Dr. Cory Franklin spent 25 years as director of intensive care at Cook County Hospital on Chicago's Near West Side.
The hospital in the grand old building on Harrison Street was one of the most famous public hospitals in the U.S., and a place where people of little or no means could go for treatment. It has since been renamed John H. Stroger Hospital and moved into a new facility nearby. But for doctors and nurses who spent their career at County, the legacy of the hospital and its patients is very much alive.
A new book by Franklin tells the stories of the people he met and how they shaped him as a doctor.
His stories range from the bizarre (one patient was convinced of his own radioactivity) to the deeply emotional (a hardened gang member with a family connection to the hospital). His writing shows a clear bond with his patients and a love of medicine.
"It's an iconic institution in American medicine in the 20th century, it's a landmark in Chicago," said Franklin. "So many doctors and nurses, staff have trained there, so many people have come from all over the world to be treated there, so many were born there, people like Harold Washington. There's just a wealth of human interest stories, and I wanted to capture some of those stories for the general public."
Franklin joins Chicago Tonight to talk about his book, Cook County ICU: 30 Years of Unforgettable Patients and Odd Cases.
Below, an excerpt from chapter five of Cook County ICU. Read more of the chapter here.
THE TOUGHEST MAN IN THE HOSPITAL BECOMES THE MOST PITIABLE
“Without hesitation Dove chose the nowhere road. For that was the only place, in his heart of hearts, that he really wanted to go.”—Nelson Algren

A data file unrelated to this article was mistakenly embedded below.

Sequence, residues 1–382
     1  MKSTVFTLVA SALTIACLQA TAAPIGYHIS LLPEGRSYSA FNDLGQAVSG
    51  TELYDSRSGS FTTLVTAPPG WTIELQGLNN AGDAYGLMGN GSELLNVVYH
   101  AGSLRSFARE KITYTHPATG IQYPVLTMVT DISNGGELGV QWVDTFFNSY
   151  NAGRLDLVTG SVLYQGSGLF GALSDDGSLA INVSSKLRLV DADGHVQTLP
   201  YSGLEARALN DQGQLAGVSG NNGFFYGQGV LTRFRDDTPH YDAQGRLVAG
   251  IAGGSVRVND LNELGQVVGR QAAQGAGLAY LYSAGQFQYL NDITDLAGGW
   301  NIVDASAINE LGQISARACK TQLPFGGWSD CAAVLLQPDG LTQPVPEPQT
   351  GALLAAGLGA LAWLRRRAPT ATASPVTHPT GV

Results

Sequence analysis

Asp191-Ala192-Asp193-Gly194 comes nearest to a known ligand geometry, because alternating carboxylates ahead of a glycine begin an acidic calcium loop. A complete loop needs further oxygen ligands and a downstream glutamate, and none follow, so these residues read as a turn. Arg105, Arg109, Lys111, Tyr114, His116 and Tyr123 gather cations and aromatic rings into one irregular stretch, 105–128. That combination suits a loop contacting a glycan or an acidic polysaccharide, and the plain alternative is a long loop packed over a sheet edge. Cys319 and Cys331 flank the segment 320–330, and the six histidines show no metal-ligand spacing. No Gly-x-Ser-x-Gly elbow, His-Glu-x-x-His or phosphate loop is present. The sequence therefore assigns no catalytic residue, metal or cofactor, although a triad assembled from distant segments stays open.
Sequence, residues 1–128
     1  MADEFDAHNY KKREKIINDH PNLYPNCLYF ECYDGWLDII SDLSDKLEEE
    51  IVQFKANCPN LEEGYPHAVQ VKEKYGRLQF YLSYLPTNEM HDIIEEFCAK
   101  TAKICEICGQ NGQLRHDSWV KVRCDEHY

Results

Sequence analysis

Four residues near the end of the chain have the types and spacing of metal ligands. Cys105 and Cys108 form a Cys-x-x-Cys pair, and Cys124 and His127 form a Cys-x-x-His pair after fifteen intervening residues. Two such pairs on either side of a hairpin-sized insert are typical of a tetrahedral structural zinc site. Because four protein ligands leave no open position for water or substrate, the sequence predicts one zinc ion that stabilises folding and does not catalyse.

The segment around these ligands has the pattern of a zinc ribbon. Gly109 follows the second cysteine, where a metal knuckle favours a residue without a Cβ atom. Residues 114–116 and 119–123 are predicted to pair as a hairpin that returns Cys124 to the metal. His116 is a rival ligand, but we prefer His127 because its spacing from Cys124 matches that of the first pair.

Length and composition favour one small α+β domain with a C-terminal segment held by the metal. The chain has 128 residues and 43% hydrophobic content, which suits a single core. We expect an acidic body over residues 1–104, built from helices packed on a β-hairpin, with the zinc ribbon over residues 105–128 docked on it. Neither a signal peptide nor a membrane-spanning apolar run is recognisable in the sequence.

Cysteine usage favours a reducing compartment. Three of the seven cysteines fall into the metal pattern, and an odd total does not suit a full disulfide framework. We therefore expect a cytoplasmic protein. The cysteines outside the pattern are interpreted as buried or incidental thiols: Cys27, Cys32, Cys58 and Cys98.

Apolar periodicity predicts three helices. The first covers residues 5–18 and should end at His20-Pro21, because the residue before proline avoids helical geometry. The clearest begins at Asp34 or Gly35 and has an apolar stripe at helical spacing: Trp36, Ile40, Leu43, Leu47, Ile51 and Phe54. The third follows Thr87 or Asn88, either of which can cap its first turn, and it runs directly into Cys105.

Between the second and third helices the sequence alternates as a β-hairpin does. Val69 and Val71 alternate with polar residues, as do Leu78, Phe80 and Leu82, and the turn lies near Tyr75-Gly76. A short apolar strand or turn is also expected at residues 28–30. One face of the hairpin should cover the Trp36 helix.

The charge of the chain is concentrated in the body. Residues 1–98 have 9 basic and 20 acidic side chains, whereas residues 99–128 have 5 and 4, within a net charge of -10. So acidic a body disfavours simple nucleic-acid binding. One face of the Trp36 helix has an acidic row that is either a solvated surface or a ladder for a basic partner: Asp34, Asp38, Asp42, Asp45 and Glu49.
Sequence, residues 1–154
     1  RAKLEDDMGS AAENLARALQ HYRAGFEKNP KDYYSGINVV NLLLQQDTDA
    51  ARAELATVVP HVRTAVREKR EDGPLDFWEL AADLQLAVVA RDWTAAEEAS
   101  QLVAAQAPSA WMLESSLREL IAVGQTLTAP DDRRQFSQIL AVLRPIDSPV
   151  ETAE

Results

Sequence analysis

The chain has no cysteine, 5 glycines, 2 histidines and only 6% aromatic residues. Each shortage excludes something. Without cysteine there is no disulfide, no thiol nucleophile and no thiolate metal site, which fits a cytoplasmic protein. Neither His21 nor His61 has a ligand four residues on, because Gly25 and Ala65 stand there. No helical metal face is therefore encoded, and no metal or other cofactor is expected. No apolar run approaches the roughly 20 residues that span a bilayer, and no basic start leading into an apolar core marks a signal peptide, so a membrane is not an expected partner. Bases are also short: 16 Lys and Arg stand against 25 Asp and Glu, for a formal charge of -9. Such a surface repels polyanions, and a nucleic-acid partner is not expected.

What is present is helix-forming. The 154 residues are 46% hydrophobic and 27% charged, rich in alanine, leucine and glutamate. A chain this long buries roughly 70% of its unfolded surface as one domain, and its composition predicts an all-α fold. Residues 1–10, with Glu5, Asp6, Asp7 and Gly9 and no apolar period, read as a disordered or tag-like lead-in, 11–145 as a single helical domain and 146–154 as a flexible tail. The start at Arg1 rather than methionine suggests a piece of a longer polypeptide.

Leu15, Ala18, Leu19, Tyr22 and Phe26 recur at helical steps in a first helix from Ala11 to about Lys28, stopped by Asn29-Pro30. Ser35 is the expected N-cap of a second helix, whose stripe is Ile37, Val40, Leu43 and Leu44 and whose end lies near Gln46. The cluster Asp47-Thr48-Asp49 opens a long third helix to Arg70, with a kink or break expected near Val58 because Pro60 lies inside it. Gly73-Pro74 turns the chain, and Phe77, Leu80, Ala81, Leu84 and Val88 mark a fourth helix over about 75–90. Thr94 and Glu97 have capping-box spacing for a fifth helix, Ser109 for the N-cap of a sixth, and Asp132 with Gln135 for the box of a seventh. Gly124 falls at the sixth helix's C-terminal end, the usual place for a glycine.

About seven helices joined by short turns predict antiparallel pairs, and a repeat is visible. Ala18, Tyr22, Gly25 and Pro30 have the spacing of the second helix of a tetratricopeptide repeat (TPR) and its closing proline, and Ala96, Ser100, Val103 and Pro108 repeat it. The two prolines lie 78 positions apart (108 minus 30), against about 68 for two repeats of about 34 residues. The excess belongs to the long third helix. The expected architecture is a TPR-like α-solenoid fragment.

AS FAR AS “handles” on the street went, the toughest characters were all invariably known by their full first names. In the world of the street gang, appellations evolved in the opposite direction from how they developed back in grade school: nicknames did not inspire fear, so Andy became Andrew and Rick went by Richard. In the ’hood, it was your full name that conferred gravitas and meant you were a serious dude on the street.
About 1982, one really serious guy happened to become my patient. He was logged into the hospital as Jeff, but his street name was, of course, Jeffrey. The first time he came to the hospital he was about twenty-three, with a huge Afro, piercing blue eyes, and a fierce visage projecting an air of menace to all who came near him. Don’t make eye contact and don’t come too close. Think Samuel L. Jackson in Pulp Fiction, but meaner – much meaner.
To Jeffrey, the hospital was merely an extension of the street. No matter if you were a doctor, a nurse, or another patient, his scowl, if directed at you, left no doubt that to mess with him was to do so at your own peril. Unless one had medical business with him – to draw his blood, take his vitals, or see him on rounds – you were best off avoiding him.
Jeffrey was a street gang member and a heroin addict, and nakedly unapologetic on both counts. He was in the hospital for abscesses on his legs from needle use. His skin had sloughed from drug injections, and he required intravenous antibiotics and evaluation for skin grafting.
Occasionally, he would receive visitors in the hospital. They were also a menacing bunch, most likely his associates in the street gang. There was no question he was the alpha, and perhaps they came to deliver drugs to him (a frequent transaction in the hospital), or maybe they were just there to confer on business affairs sinister. While Jeffrey waited for his skin grafts, I would see him every day on rounds as his attending physician. Like everyone else, I adhered to the unstated protocol of the street: no eye contact. But part of my job as a physician was to understand the patient, and I was used to treating drug addicts. I gradually earned a modicum of Jeffrey’s trust and he granted me the privilege of talking with him. Nevertheless, I still hesitated to make eye contact. The rules of the street could be enforced at any time.
In the hospital, no less than out of it, dealing with gang members and heroin addicts is invariably a precarious proposition. Physicians are authority figures, and gang members, by their very nature, distrust authority figures. It’s not on the level of their interactions with the police, but it’s a close second.
Excerpted with permission from Cook County ICU: 30 Years of Unforgettable Patients and Odd Cases by Cory Franklin, MD. Published by Academy Chicago Publishers, an imprint of Chicago Review Press, Inc. Copyright © 2015, all rights reserved.